Twelfth Night Worm i'the bud: The Games of Love in Twelfth Night
by William Shakespeare

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Worm i'the bud: The Games of Love in Twelfth Night

(Shakespeare for Students)

According to Patrick Swinden in his book, An Introduction to Shakespeare's Comedies, a comedy does not demand "the degree of concentration and belief" required by tragedy. As a result, an audience of a play "is amusedly aware that it's all a play, a game that they are sharing with the actors". 1 In Twelfth Night, it is the characters, almost without exception, who, in varying degrees, are involved in deception. Swinden says, "Whether we look in the plot that Shakespeare took (indirectly) from the Italian, or the plot he made up to put beside it, we shall discover deceit piled on deceit." 2 Cesario/Viola deceives Olivia, Orsino, Sir Andrew, and Sir Toby, while Maria, Sir Toby, Sir Andrew, and Feste deceive Malvolio.

In an intricate pattern of "concealment" and "revealment" the play spins dizzily toward its happy resolution with all the deceptions that had, and had been, concealed revealed. Is the end of the play really a happy ending? What dynamic in the process of deception could cause Sir Andrew to disappear or force Malvolio to declare, "I'll be revenged on the whole pack of you!" (V.i.380)? Are the characters bettered or changed by their experiences when they arrive at the end of Act V than when they started at the beginning of Act I? Whether it be a practical joke or a clever disguise, the games being played in Illyria simultaneously result from and protect each character's deception not only of others but also, more importantly of themselves. The clearest examples are Duke Orsino and Olivia.

The games begin with Orsino's opening lines to the play:

If music be the food of love, play on;
Give me excess of it, that surfeiting,
The appetite may sicken and die (I.i.1-4).

As Orsino continues to wax rhetorical and hysterical about being in love, it rapidly becomes apparent that he is playing a game with himself, which he will continue throughout the play. He is not in love, but in love with love. Olivia is unattainable and she has told him so repeatedly. Yet Orsino persists in making himself suffer, listening to sad love songs, writing to her, staying awake at night and crying into his pillow because he believes that this is the way someone in love acts. We almost want to shout at him "Get over it. Move on." It is part of the game that while it may appear that Orsino is rhapsodizing about Olivia, he is actually concentrating on himself. The words "I," "me," and "mine" occur ten times in the opening passage, culminating with:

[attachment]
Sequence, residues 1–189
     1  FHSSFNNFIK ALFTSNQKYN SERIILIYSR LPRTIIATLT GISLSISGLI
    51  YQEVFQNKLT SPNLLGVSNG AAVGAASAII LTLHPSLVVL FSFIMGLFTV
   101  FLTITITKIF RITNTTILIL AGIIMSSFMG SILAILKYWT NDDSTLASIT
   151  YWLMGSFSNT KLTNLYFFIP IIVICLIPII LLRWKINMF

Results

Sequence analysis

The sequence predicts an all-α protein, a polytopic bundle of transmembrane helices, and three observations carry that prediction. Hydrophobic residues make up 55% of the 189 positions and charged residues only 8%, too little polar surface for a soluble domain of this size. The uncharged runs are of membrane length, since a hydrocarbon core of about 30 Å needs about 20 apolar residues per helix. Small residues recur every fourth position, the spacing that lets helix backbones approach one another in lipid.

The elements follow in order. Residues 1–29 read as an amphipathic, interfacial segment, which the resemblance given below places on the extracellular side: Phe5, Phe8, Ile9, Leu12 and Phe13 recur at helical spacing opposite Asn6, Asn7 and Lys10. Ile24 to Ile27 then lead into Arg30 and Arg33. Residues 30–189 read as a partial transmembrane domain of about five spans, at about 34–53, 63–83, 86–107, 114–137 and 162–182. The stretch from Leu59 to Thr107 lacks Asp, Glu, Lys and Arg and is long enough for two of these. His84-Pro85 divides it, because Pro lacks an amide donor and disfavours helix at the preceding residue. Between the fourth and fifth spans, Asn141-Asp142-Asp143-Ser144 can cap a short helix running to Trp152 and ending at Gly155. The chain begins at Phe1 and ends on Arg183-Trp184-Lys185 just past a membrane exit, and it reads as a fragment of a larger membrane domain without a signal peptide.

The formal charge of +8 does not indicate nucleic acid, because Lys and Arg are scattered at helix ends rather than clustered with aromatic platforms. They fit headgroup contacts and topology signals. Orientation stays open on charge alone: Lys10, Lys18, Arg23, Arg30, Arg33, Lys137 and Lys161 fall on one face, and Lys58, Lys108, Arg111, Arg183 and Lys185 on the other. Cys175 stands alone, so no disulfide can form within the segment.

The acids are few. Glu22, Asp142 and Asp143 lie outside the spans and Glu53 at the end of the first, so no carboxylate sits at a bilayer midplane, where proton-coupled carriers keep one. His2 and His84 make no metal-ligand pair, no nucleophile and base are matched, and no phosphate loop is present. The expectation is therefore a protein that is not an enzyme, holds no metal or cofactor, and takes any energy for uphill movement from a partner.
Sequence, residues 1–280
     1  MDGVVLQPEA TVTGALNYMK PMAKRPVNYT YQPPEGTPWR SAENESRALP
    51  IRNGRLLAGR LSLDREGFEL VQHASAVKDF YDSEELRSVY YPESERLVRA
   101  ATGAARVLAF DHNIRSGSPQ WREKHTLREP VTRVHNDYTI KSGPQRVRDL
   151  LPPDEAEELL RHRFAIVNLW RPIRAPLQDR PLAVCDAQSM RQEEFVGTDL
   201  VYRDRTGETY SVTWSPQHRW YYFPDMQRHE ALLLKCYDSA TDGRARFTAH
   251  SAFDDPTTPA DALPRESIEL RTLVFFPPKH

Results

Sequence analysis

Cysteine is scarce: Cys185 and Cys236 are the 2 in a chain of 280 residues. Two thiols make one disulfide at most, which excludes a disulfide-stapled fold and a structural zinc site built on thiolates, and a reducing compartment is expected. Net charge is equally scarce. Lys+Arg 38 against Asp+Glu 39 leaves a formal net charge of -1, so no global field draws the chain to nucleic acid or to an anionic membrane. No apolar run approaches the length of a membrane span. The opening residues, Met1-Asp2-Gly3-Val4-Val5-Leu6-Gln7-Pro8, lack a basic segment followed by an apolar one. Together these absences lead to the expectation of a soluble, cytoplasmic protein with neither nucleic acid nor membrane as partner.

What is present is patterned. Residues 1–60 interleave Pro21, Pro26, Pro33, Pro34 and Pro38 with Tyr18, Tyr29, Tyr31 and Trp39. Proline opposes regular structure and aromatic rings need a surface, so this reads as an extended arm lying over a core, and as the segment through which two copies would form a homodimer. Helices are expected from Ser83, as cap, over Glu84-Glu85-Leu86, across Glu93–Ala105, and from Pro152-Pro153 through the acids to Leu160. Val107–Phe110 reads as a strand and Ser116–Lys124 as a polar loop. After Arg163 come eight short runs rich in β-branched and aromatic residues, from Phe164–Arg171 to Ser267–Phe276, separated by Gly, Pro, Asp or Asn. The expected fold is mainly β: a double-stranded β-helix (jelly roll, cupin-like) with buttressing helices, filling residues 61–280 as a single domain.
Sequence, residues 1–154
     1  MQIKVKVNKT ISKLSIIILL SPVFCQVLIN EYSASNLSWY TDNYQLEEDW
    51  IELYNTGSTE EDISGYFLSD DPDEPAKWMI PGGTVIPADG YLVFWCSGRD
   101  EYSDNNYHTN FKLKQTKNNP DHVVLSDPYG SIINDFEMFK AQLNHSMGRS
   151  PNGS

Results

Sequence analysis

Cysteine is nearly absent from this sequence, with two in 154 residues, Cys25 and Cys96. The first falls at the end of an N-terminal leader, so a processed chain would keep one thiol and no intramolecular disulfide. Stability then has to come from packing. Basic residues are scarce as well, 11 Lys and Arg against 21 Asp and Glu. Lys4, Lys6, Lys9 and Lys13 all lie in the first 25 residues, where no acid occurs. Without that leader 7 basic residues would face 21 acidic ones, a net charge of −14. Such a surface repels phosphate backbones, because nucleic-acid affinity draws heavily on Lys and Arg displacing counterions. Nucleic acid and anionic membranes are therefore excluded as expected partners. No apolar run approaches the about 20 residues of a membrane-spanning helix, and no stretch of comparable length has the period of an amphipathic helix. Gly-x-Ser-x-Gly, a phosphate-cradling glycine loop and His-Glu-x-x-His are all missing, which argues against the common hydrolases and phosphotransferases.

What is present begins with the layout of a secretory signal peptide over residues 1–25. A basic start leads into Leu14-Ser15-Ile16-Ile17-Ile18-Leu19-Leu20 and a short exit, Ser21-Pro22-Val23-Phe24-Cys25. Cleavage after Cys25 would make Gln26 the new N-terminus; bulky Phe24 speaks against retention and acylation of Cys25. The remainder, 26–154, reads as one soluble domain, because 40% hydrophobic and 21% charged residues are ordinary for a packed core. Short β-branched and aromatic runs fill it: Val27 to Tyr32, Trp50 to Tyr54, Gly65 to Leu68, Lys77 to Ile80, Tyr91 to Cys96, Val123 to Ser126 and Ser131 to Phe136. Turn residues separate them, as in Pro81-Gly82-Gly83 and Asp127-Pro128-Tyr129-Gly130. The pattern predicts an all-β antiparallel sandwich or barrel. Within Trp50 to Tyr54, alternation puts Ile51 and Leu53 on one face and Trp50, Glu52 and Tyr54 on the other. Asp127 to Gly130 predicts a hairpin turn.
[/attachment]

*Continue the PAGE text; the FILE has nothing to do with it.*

How will she love...
... when live, brain, and heart,
Those sovereign thrones, are all supplied and filled
Her sweet perfections with one selfsame king! (35-39).

Shakespeare's use of "selfsame" intensifies not only Orsino's description of Olivia, but also his focus on himself. Throughout these lines there is a sense that Orsino's sexual identity, encased in a male body, has not yet been clearly defined, hence his necessity for adopting what he thinks are the affectations of a successful lover.

Orsino begins Act II, scene iv in the same way he begins Act I: "Give me some music" (II.iv.1). Here, however, Orsino requests a specific song, one overheard just the night before, as Feste, Olivia's fool, sang it. How Orsino managed to overhear Feste's performance is one of the mysteries of the play, but its effect on Orsino is unquestionable "it did relieve my passion much" (II.iv.4). The song's lyrics are most depressing:

Come away, come away, Death,
And in sad cypress let me be laid.
Fie away, fie away, breath,
I am slain by a fair cruel maid;
My shroud of white, all stuck with yew,
O prepare it.
My part of death no one so true
Did share it.
Not a flower, not a flower sweet
On my black coffin let there be strown;
Not a friend, not a friend greet
My poor corpse, where my bones shall be thrown.
A thousand thousand sighs to save
Lay me, O where
Sad lover never find my grave
To weep there (II.iv.49-64).

Although Orsino says that he heard only a "piece of song" (II.iv.2), he also notes that it is an "old and antique song" (II.iv.3), indicating that he knows...

(The entire section is 2,455 words.)